This article is a service of attorney Myrna Serrano Setty. Myrna doesn’t just draft documents.  She ensures you make informed and empowered decisions about life and death, for yourself and the people you love. That’s why we offer a  Planning Session, ™ during which you will get more financially organized than you’ve ever been before, and make all the best choices for the people you love.

Call today to schedule a  Planning Session and learn how to get this $500 session at no charge.

]]>
When a Will Isn’t Enough to Avoid Conflict: Remember Your Personal Property https://www.serranosetty.com/florida/estate-planning-attorney/personal-property-conflict/?utm_source=rss&utm_medium=rss&utm_campaign=when-a-will-isnt-enough-to-avoid-conflict-remember-your-personal-property Tue, 21 May 2019 19:47:12 +0000 http://www.tampaestateplan.com/?p=1396 “When the parents are gone, there’s all kinds of unforeseen stuff they leave us with, stuff they never intended.” – Ira Glass, in This American Life, Episode 763: “Left Behind”

If you grew up with siblings, you probably remember some sibling rivalry. That rivalry can continue well into adulthood, especially after the parents are gone. In many families, parents are like the glue that keeps the family together. Once their gone, old issues can resurface, especially when it comes to dividing the parents’ personal property.  That’s why it’s important to have a plan for how you want your personal, sentimental property distributed to the people that you love. If you don’t, that can make an already tough situation so much worse.

This American Life, a popular podcast, recently featured a family with such a story. Eleven adult siblings needed to divide their dead parents’ stuff. But they didn’t all get along. Although their parents (who were both attorneys) had wills, they didn’t list in their will which child would get which items. They left all that to the kids, saying simply, everyone should get an equal amount. So the siblings invented a remarkably elaborate cheat-proof system to divide up the remains of their childhood. In the end, it was a system that played off the siblings’ natural suspicions towards each other and did nothing to bring them closer together after losing their parents.

Here’s a quote from the narrator:

“What they have left to them is just these things, right? And this mandate– to get along well enough one last time to split it up amongst themselves. And they don’t want to screw it up. They want to honor their parents’ last request. But they know it’s going to be tough for them, given how they are sometimes with each other.”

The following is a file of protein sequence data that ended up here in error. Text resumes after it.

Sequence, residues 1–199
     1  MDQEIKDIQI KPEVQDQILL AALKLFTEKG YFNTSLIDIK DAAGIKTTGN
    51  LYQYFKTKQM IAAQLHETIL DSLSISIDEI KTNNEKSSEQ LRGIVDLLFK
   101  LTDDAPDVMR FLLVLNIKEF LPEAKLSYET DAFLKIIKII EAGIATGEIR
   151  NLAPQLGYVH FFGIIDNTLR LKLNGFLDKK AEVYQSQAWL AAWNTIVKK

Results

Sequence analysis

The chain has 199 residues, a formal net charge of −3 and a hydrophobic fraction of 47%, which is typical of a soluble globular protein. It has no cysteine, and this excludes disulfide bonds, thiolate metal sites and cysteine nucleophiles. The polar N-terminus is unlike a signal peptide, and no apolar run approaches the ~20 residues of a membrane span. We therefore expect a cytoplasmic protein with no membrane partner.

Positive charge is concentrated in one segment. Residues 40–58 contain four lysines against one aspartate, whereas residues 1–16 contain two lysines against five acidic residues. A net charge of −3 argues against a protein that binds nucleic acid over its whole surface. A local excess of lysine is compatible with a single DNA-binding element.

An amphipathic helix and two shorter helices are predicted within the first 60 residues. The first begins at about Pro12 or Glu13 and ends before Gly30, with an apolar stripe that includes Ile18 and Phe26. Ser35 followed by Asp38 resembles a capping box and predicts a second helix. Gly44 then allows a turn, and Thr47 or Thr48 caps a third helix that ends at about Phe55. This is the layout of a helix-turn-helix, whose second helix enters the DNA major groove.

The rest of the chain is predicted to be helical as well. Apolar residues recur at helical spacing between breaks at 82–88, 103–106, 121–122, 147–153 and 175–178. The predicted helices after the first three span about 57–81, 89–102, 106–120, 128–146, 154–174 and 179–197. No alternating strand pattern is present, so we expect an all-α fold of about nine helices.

This is an example of incomplete planning that can lead to conflict after you’re gone. If the parents in this story had left a personal property memorandum that referred back to their Wills, that could have reduced the strain on their children, especially the estate’s executor. It would have also saved a lot of time and conflict….and their relationships with each other.

You can listen to this story (16 minute run time) here.

Or you can read the transcript here. 

 

This article is a service of the Law Firm of Myrna Serrano Setty, P.A. We don’t just draft documents, we help you make informed and empowered decisions about life and death, for yourself and the people you love. That’s why we offer a Planning Session, during which you will get more financially organized than you’ve ever been before, and make all the best choices for the people you love. Call our office today to schedule a Planning Session. Mention this article to learn how to get this $500 session at no charge. 

Call us at (813) 902-3189.

Check out another blog post about embracing the emotional side of estate planning. Here

]]>
Update: Aretha Franklin’s Estate. 3 Handwritten Wills Found https://www.serranosetty.com/florida/estate-planning-attorney/celebrities/update-aretha-franklins-estate/?utm_source=rss&utm_medium=rss&utm_campaign=update-aretha-franklins-estate Tue, 21 May 2019 19:38:15 +0000 http://www.tampaestateplan.com/?p=1417 In August 2018, music legend, Aretha Franklin, died of pancreatic cancer. At her death, her estate was worth over $80 million and it appeared that she died without a will or trust.  (We wrote about this in this article here.)